http://afreeleftblog.blogspot.co.uk/

    • swatnan

      You’re right. Votes at 16 will go down like a lead balloon, especially amongst the 16 yr olds.

  • Peter Metalli

    No taxation without representation.

    Can’t expect them to to pay income tax if we don’t give them the right to tell MPs how to
    spend it.

Latest

  • Comment Featured Uncategorized As the dust settles on the vote for Brexit, it is time to reach out to our democracy’s missing millions

    As the dust settles on the vote for Brexit, it is time to reach out to our democracy’s missing millions

    At a critical point in the development of the Labour party leadership, this article offers a few thoughts on a future Labour agenda for democratic reform that transcends internal politicking. After four years of working at Bite The Ballot, a party-neutral youth democracy movement – and one that unites decision-makers of all persuasions in its work – I can say that British politics still has a long way to go on the road to democratic renewal. Though the pieces are still […]

    Read more →
  • Comment Featured We must bring politics back to our communities rather than leave people to rely on Westminster “elites”

    We must bring politics back to our communities rather than leave people to rely on Westminster “elites”

    All told, it’s not been a good few months for the standing of our politicians. Whether you think there was a good case to have a referendum on the UK’s membership of the EU or not, the reason we were all put through it was ultimately one of internal Conservative party management. A fundamental question about who we are as a nation and how to best represent our interests was embarked upon because David Cameron thought it was his best […]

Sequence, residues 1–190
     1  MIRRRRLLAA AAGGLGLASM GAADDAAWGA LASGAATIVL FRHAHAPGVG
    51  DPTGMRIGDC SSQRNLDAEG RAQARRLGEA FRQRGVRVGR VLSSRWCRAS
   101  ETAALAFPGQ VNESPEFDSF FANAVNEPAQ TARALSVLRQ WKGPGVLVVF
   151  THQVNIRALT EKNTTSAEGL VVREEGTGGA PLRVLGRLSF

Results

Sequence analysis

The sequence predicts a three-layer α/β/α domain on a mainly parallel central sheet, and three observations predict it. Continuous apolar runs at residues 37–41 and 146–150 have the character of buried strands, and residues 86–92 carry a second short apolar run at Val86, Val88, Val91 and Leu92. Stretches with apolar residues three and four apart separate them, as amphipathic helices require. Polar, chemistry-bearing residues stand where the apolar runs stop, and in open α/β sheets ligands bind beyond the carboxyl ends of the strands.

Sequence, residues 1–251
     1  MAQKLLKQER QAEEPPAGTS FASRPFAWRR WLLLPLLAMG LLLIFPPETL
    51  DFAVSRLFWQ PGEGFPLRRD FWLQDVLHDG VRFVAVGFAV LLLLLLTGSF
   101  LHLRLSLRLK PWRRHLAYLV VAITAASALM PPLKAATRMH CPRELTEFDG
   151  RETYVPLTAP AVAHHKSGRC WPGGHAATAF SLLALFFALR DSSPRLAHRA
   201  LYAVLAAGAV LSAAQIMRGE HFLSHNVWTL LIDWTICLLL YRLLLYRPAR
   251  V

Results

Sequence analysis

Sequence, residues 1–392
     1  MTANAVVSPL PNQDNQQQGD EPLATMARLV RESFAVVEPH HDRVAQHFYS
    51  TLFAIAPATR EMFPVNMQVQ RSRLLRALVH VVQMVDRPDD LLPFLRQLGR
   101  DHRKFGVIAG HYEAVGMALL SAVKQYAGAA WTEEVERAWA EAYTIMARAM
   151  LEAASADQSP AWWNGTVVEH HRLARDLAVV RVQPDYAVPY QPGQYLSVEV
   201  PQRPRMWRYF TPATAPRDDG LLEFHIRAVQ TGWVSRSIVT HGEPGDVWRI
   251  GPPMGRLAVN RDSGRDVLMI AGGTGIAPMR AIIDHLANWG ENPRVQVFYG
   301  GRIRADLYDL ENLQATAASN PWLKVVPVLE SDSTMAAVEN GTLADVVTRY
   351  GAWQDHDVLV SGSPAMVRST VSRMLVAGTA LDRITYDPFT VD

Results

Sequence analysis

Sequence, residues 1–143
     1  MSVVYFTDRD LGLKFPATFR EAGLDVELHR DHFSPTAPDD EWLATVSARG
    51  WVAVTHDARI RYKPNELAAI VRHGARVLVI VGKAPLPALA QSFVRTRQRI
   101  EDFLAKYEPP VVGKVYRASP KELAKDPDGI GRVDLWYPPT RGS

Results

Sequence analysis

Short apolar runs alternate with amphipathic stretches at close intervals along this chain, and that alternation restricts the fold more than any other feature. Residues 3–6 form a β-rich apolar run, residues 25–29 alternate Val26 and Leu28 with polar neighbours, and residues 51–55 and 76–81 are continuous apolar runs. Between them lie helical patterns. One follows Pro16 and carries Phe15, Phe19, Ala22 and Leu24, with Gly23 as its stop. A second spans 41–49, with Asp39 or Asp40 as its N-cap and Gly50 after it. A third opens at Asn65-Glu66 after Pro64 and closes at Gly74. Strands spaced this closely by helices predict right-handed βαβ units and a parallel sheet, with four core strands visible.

Read more →
  • News Kinnock: Labour must show that its socialism can “work in practice”

    Kinnock: Labour must show that its socialism can “work in practice”

    Neil Kinnock has criticised “ideological flights of fancy”, and said that Labour needs to show that socialism can “work in practice” before it can be successful. The former leader has said that winning parties have to be “professional” as well as having a “sense of belief”, and launched a strong attack on “career politicians”. “You can enchant people by ideological flights of fancy, but that’s not going to help them at all,” Lord Kinnock told BBC programme Conversations this week. He said […]

    Read more →
  • Comment Featured Wayne David: Top-down change no longer works – we must boost democracy from the ground up

    Wayne David: Top-down change no longer works – we must boost democracy from the ground up

    If we are serious about extending political engagement and closing the gap between people and politics, Labour needs to do two things. Firstly, we need to have a coherent and powerful narrative about bringing power closer to the people. And secondly, we need to have a series of practical proposals to make the political process more accessible and relevant to people. Even though Labour was the party which introduced devolution in Scotland, Wales and Northern Ireland, and recently favoured “permissive” […]

    Read more →
  • Featured News Corbyn campaign looks to mobilise thousands in the North

    Corbyn campaign looks to mobilise thousands in the North

    Thousands of Corbynistas are expected to turn out to back the leader at a series of rallies in the North of England organised by Momentum. Jeremy Corbyn’s leadership campaign hopes that events in York, Leeds, Hull and Liverpool over the weekend will mobilise large numbers of the grassroots membership as he aims to replicate the successful nationwide speaking tour of last year’s contest. Corbyn will be joined by fellow core MP supporters Richard Burgon and Imran Hussain as well as local councillors in […]

    Read more →
x

LabourList Daily Email

Everything Labour. Every weekday morning

Share with your friends










Submit